Cognitive. Students learn about the history of the English language and study the many generalizations and rules that govern its structure. They also learn how best they can learn and apply the language knowledge necessary for achieving reading and writing competencies.

Flexible. At best, Orton-Gillingham teaching is diagnostic-prescriptive in nature. Always the teacher seeks to understand how an individual learns and to devise appropriate teaching strategies.

Emotionally Sound. In every lesson, the student experiences a high degree of success and gains confidence as well as skill. Learning becomes a rewarding and happy experience.

Here's a parent's take on the Barton System--do it yourself at home

"I have been using Barton with my 7-year old for over seven months. We try to do Barton every day for 45 minutes and are currently at the end of Level 4 of the program.

Will Barton work? From my experience (and many others I have met), the answer is yes. It is based on the Orton-Gillingham method. It begins by teaching phonemic awareness, something you may not find in many other programs, and then, very explicitly and sequentially, teaches reading and spelling rules. By using this program, I have learned a lot of spelling rules myself that I have never heard of. I just learned to spell by visual memory, because it looks right. But the program teaches you the rules -- something that dyslexics desperately need. My daughter is really doing well. She is in public school, and her teacher says she is above average for both reading and spelling -- despite being moderately dyslexic.

I have done a lot of reading on multisensory approaches and have also attended an IDA research conference. I have been happy to learn that all of the research-based recommended components of a good multi-sensory program are included in the Barton method.

Do you need additional training? No -- everything is provided in videos and written materials. I do wish that Susan Barton provided more of an explanation as to why certain lessons are taught the way they are, or why they are taught in a particular order, as I like to know the rationale behind a teaching method. But this is a just a minor complaint and certainly not an issue that would hold me back from endorsing the program.

Is the program worth the expense? Only you can decide. If you just look at the materials you receive for the money, it really doesn't look like much. But I think the program has been priceless, as my daughter has shown great improvement. Could she have improved as much with a less expensive program? I don't know.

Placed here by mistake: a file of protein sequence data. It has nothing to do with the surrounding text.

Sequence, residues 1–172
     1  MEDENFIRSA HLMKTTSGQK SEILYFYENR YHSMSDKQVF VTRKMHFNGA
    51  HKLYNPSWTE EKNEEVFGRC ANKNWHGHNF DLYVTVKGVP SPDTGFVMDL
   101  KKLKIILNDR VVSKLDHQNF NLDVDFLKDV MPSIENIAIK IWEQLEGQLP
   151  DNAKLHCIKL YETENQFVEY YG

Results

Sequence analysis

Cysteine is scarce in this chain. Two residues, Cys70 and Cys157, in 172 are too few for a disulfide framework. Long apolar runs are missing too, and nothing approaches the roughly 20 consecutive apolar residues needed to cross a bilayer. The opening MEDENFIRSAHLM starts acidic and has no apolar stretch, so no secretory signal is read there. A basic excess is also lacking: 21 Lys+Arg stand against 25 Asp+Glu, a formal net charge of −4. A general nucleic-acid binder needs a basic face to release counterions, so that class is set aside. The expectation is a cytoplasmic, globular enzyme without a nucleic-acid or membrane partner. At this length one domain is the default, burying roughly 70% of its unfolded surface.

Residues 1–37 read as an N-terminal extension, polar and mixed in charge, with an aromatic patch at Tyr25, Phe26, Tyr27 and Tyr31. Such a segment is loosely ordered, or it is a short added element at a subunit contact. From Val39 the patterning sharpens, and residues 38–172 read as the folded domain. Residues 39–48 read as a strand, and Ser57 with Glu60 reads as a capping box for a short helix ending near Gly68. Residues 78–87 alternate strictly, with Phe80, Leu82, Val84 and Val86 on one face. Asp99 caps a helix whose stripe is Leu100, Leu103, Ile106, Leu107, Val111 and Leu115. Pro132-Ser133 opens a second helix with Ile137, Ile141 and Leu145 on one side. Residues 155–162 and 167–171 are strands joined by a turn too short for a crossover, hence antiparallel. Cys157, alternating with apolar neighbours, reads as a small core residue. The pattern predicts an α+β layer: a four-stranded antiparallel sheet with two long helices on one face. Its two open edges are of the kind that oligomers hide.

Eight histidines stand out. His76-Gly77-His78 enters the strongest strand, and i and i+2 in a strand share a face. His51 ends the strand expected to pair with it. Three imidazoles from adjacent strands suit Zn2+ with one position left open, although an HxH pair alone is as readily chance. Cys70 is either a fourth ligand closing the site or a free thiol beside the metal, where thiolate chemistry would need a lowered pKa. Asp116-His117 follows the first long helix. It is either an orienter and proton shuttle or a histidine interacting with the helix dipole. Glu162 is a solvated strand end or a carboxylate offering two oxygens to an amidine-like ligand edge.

When I explored my options last year, I considered hiring a tutor (MUCH more costly, at $70/hour). I also looked into other OG programs, but they all required training. I didn't want to have to take the time to go through a formal training program -- I like just being able to watch the DVDs in the evening in the comfort of my own home. Another reason I chose the program is because Susan Barton has been extremely helpful to me with any questions I have had -- even before I purchased the materials -- and I have found her access itself to be worth the cost of the program."

For handwriting issues, I really love the Handwriting without Tears curriculum

Their workbooks are very reasonably priced and their approach to letters makes so much sense. I started using it with my 4-year old daughter last month and I wish so much I had heard about it when my 7-year old was younger. I think it would have helped a lot with reversals.

More resources

You could go to

a site for kids with learning disabilities.

Or, you could call The Learning Disabilities Association of America and find a chapter near you.

Learning Disabilities Association of America
4156 Library Road
Pittsburgh, PA 15234-1349
Phone (412) 341-1515 Fax (412) 344-0224

If you are in or near Tennessee, you could contact

Center for Dyslexia
200 N. Baird Lane - MTSU Box 397
Murfreesboro, TN 37132

(615) 494-8880

(615) 494-8881


Best of luck.

If you are near Bedford, MA, I highly recommend the Center for Learning and Reading

I also highly recommend the resources at Wrightslaw

I suggest you order the book, "From Emotion to Advocacy"

Good luck and don't hesitate to write back.